(Found this in my files. I wrote it several years back. My grandson recently questioned the value of poetry related to a school assignment. Thought, he and other might enjoy this nonsense.)
People study the strangest things. They obviously have someone with more grant money than sense to back them, and they also have too much free time on their hands.
A fellow named James Kaufman with the Learning Research Institute at California State University at San Bernadino has studied the age of dying writers, and found poets die younger than other writers.
Guess I should have figured a study like this would come out of California.
Anyway, Kaufman studies nearly 2,000 dead writers (some would say the best kind) from various centuries. They were from the United States, Turkey, China and Eastern Europe. In his study, he classified the writers as poets, playwrights, fiction writers, and non-fiction writers.
He didn’t study how they died, just what age they were when they expired. Poets in the U.S., Turkey and China died significantly sooner than either fiction or non-fiction writers. Some of these poets lived several hundred years ago and others were more recent, but because of the difference in the times they lived, there is no good way to compare them to the age when the general public expired at the time.
However the average poet studied lived to be 62, playwrights made it to 63, writers of novels passed on at 66, and non-fiction folks like newspaper reporters lived longest at an average of 68.
Kaufman also found that poets had more mental illness than other writers, but I’d guess most people who take up the pen or keyboard today have to be a bit wacky. The study even revealed that lady poets have even more mental problems than men. Honest, it’s true.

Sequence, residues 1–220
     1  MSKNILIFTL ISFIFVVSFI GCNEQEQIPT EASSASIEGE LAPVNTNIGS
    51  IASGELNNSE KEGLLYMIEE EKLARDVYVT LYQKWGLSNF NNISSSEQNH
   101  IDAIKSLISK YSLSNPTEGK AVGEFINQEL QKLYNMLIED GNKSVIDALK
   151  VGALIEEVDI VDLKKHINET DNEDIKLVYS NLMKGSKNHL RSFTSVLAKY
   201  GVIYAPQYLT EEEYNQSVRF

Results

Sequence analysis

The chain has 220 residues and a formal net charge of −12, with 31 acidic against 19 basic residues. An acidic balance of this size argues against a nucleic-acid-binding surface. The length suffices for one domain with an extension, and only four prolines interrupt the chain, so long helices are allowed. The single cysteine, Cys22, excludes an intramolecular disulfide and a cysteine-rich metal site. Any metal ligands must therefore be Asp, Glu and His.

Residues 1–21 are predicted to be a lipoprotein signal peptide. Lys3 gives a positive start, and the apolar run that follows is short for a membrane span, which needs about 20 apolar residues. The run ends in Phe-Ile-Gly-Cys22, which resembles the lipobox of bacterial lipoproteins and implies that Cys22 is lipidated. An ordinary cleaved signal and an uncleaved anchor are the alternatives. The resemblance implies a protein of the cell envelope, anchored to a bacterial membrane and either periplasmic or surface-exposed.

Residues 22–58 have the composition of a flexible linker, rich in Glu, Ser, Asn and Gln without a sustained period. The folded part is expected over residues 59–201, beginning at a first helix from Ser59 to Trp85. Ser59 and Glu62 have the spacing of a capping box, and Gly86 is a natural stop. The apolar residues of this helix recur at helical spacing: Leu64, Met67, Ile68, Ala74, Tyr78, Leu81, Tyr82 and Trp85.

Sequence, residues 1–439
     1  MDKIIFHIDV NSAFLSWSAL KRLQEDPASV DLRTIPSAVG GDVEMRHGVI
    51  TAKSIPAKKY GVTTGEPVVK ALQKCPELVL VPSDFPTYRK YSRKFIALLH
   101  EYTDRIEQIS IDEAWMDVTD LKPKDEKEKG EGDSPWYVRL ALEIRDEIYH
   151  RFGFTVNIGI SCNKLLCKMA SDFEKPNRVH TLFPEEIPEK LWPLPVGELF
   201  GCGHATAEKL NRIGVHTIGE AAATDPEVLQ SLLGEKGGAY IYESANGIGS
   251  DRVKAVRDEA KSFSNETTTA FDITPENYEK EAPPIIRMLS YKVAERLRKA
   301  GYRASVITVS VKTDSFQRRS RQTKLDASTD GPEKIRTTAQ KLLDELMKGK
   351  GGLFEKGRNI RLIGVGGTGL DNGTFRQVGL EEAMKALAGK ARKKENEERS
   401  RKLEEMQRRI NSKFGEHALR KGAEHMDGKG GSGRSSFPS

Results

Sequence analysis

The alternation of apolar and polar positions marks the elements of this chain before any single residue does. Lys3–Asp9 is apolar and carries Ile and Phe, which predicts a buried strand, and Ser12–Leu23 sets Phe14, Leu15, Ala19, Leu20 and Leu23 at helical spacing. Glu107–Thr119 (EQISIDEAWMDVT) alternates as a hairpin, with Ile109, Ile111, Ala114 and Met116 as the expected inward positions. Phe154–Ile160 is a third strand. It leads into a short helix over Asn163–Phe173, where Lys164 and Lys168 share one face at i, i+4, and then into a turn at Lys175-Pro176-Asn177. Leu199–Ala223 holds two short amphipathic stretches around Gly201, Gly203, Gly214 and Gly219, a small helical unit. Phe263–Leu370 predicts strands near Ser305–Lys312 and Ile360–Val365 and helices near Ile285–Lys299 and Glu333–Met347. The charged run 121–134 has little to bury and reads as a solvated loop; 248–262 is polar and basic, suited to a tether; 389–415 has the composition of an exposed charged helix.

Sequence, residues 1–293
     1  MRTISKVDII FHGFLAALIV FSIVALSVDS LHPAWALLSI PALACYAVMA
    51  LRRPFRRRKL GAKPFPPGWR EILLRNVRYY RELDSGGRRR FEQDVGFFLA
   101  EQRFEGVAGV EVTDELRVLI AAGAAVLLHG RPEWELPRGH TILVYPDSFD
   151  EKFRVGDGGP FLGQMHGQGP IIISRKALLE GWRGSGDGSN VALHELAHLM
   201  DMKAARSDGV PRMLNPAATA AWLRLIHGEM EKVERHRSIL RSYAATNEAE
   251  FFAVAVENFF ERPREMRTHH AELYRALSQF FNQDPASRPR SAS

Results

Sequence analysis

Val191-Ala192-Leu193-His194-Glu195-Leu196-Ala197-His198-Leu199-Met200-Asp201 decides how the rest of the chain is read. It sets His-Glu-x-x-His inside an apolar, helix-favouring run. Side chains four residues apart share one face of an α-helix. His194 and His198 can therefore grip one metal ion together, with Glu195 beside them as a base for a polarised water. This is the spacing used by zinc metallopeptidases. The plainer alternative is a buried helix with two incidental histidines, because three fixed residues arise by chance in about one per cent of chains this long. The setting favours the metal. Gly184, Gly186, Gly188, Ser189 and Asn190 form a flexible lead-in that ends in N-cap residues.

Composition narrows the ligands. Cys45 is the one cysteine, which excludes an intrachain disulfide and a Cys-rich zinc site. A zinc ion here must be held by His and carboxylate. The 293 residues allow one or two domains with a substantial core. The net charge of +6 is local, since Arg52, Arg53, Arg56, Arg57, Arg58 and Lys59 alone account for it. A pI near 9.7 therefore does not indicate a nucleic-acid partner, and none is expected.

You have to wonder about the value of this great research project. Guess maybe it might help life insurance companies add a few bucks to the premiums of those who rhyme. But then, not all poems rhyme.
Kaufman didn’t have any good reason why poets live fewer years than other scribes. One theory is that poets write most of their works in their younger years, and other writers produce more in later years. (Wonder who did that study?)
My theory is that it has something to do with poets worrying about iambic pentameter. If you had to worry about iambic pentameter every day, it would be bound to shorten your life.
I vaguely remember a professor bringing up iambic pentameter in one of my class and I suddenly was overcome with stress. I never did figure it out, but thought it might be the death of me in that class.
One of the great things about journalism classes was the prof always emphazized kept it simple. Keep paragraphs to about 35 words and write to the fourth grade level. That works for me because that’s a level I’m comfortable with.
Since I figure iambic pentameter is a likely cause of early poetic demise, I figured after all these year I better learn a bit more about it, so of course I went to the sometimes trusty Internet.
According to one website, iambic pentameter consists of one short syllable followed by one long syllable: one unstressed syllable, by one stressed. It obviously is stressful to write unstressed syllables followed by stressed ones.
However, that is just the half of it. Pentameter is “a measure of verse having five metrical feet.” No, I’m not going to get into metrical feet. I figure I’ll live longer not trying to understand that stressful form of writing.
A few noteworthypoets were required reading in school, but beyond that I have never really grown to appreciate poetry. It may be like Scotch. You have to learn to appreciate it. I’ve never been able to fully appreciate it.
I’ve never progressed much further than enjoying a good verse inside a Christmas or birthday card.